ORONO, Maine — Jack Cosgrove has spent the past 20 years trying to keep the University of Maine football program competitive.
As the Colonial Athletic Association continues to evolve with the addition of Stony Brook and Albany, the Black Bears’ head coach is increasingly concerned about the ability to keep pace in the nation’s most prestigious Football Championship Subdivision league.
Cosgrove has spent the past two months seeking reassurance from UMaine athletics director Steve Abbott and president Paul Ferguson that the program will be provided with the resources and support necessary to accomplish that goal.
On Tuesday, less than 24 hours before the program was to begin receiving written commitments from its 2013 recruiting class, UMaine announced it had reached a new three-year contract with its veteran coach.
“Our discussions really had nothing to do with the contract itself,” Abbott said. “He didn’t have any personal demands. He’s purely focused on how we can improve the program and how we can reach those levels [of achievement] that we’re trying to get to.”
Cosgrove is making $175,000 during this, the last year of a five-year contract. He will earn an annual salary of $186,995 for the duration of his new deal, which runs through June 2016.
The salary increase includes $7,000 annually in additional compensation that replaces monies previously earmarked specifically for a car allowance and a membership at Penobscot Valley Country Club in Orono.
“I don’t think I ever felt like it (the new contract) wasn’t going to get done,” said Cosgrove, who wanted to know his program would be supported adequately.
“I got what I needed to hear,” he said. “For me, it’s really all about trust and it’s all about knowing that you’re going to have a chance to be successful.”
Abbott said he and Cosgrove have used the 2011 season, during which UMaine went 9-4 and reached the FCS national quarterfinals, as a measuring stick.
“That’s the level we want to be playing at and our discussions focused on how we get to that level and how to get beyond it,” Abbott said.
“This spring we’re going to look at concrete steps we can take, things we can do internally with the resources we have, the possibility of fundraising and the aspiration of longer-term goals, to help elevate the program,” he added.
Cosgrove, who was hired in 1993, has led the Black Bears to a 111-118 overall record. The 111 victories are a program record and his 76 CAA wins rank fifth in league history. The team was 5-6 last season.
UMaine has won two conference titles and has made four NCAA playoff appearances under Cosgrove (2001, 2002, 2008, 2011). That includes three trips to the national quarterfinals.
“I am especially pleased that we have finalized the contract for Coach Cos,” said Ferguson, who noted the contract recognizes Cosgrove’s “successful decades of service, but also for his vision for the future of Black Bear Football.”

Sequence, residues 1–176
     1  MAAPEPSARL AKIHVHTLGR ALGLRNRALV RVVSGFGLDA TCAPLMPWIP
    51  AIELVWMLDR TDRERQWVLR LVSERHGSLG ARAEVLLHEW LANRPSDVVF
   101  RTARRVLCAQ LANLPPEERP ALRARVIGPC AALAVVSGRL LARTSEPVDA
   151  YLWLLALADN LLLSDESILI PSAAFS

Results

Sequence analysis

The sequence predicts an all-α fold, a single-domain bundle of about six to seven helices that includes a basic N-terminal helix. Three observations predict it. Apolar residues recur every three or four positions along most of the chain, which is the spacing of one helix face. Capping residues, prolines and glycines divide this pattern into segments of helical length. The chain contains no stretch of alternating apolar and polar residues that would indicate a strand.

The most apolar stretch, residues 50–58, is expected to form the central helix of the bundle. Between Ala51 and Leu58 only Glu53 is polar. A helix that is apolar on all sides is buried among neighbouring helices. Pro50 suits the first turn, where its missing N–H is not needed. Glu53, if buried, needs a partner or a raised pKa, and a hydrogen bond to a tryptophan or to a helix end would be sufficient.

Cosgrove’s teams have produced 21 All-Americans and 129 CAA all-conference picks in the, regarded as the premier league in the FCS. The Black Bears received 26 All-CAA Academic honors from 2009-2011.
Cosgrove doesn’t have any delusions about any huge windfalls. He is well aware of the economic climate and UMaine’s financial limitations, along with the school’s location.
“I’m amazed at how distant we seem to be to those in other parts of the country, just in terms of the geography and the working knowledge of the state of Maine,” he said.
Albany and Stony Brook are likely to cut into UMaine’s New York recruiting now that they have a more lofty status as a member of the CAA.
“In order to be successful, in order to keep up with those that are in more prominent locations and have more facility-wise and budget-wise,” Cosgrove said.
“I don’t mind, never have, being the underdog, but I also know that you can only be so much of an underdog. That’s motivating,” he added.
Cosgrove, a native of Sharon, Mass., is a 1978 UMaine graduate. He was an All-Yankee Conference quarterback for the Black Bears.
He still is motivated by the chance to work with young men through football.
“We want them to be successful,” Cosgrove said. “We want to teach them, coach them and grow them and have them represent the state the way the state would like to see them represent us. And that includes winning. That’s what we pursue here.”
Cosogrove was named the Atlantic-10 Coach of the Year in 1996 and 2001, the 2001 American Football Monthly I-AA National Coach of the Year and the 2011 New England Football Writers FCS Division I Coach of the Year.
He has remained at UMaine over the years for a variety of reasons, including loyalty to his alma mater. Cosgrove has entertained a few other offers, including interviewing for the Rhode Island vacancy in 2007.
However, working at UMaine and living in Greater Bangor have kept him there.
“I would say the No. 1 thing is providing stability and structure for my family,” Cosgrove said. “Marilyn and I have raised a family of four children and we are very appreciative. The Bangor school system gets a lot of credit, Bangor athletic programs, youth programs, the friendships that my children and my wife (have built).“